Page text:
Sculpteo has done a detailed analysis of the costs involved in choosing whether to use a 3D print service or buy your own 3D printer. We believe their analysis misses one important factor.
Don’t get us wrong here; we believe their analysis is quite correct. In the chart above you can see how they calculate the cost of printing on several popular machines. While some people may say printing at home is inexpensive because they “used only $0.74 of plastic” on a specific print, they often ignore the cost to purchase (and maintain) that 3D printer.
Sculpteo’s analysis takes this into account and delivers the numbers for six popular 3D printers, both personal and commercial. The commercial 3D printers also require the cost of a trained operator. (Don’t doubt this; we’ve used these types of commercial machines.)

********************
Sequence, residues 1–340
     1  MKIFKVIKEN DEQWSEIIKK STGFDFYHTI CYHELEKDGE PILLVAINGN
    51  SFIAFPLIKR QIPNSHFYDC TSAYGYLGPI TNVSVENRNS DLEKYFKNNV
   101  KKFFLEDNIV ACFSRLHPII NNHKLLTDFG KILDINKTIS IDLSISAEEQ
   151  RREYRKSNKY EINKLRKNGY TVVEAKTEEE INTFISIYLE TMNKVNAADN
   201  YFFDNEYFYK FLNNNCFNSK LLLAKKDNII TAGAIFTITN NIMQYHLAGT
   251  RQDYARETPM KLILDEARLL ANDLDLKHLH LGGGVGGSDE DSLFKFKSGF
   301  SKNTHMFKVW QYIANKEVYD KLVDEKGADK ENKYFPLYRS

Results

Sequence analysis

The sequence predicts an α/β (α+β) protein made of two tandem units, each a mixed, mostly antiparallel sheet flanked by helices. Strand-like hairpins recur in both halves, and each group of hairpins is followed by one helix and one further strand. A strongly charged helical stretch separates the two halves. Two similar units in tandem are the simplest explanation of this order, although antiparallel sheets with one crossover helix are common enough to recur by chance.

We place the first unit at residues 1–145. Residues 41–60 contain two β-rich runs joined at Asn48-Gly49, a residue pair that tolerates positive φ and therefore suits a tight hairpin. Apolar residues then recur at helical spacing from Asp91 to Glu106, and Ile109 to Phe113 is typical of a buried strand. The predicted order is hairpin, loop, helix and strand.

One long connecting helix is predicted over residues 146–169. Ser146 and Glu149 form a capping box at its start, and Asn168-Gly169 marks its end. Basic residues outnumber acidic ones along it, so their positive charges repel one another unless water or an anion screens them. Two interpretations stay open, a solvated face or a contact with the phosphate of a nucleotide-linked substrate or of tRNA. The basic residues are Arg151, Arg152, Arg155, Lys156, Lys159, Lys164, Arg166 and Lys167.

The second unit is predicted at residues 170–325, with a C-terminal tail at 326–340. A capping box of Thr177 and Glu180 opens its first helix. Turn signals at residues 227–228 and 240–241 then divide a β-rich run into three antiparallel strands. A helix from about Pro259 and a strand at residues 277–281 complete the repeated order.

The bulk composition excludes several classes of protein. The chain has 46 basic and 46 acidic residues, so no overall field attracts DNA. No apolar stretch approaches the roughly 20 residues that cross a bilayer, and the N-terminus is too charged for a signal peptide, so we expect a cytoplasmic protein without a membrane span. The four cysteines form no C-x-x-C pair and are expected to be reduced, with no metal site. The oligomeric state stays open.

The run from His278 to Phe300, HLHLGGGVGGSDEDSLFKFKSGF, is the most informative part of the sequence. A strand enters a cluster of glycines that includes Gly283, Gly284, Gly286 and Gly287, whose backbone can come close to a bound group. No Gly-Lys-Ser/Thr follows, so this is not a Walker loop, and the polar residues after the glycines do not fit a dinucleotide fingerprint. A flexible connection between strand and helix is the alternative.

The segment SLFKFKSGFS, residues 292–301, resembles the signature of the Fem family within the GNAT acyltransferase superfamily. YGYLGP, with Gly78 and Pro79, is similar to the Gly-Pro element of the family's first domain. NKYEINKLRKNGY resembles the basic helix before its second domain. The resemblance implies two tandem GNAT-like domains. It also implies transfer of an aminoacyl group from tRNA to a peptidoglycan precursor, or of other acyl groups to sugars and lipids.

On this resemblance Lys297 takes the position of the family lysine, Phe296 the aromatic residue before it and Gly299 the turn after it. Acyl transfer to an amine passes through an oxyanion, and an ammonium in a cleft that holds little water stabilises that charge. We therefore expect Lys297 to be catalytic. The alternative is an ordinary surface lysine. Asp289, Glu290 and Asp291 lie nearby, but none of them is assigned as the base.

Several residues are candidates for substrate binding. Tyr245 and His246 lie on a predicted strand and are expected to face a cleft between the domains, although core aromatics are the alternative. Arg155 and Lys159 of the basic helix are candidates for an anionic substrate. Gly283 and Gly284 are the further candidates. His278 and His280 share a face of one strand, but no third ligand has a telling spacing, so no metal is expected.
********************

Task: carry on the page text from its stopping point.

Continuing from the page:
Their conclusion, not surprisingly, computes the cost of 3D printing using Sculpteo is far cheaper than any owned-printer scenario. Well, perhaps if you built the machine yourself with cheap parts it might be slightly less expensive, but there are few consumers who would attempt that themselves.
We agree with their conclusion. It is almost certain 3D prints can be obtained a less cost by using Sculpteo. But there is one key difference.
The analysis didn’t measure magic.
There is a certain magic involved in seeing objects appear out of a machine. A machine that you own, in your own home. It’s a feeling of power that you, alone, can create anything.
We just don’t get that feeling when we open the courier package from a 3D print service.
Bottom line: Magic Costs.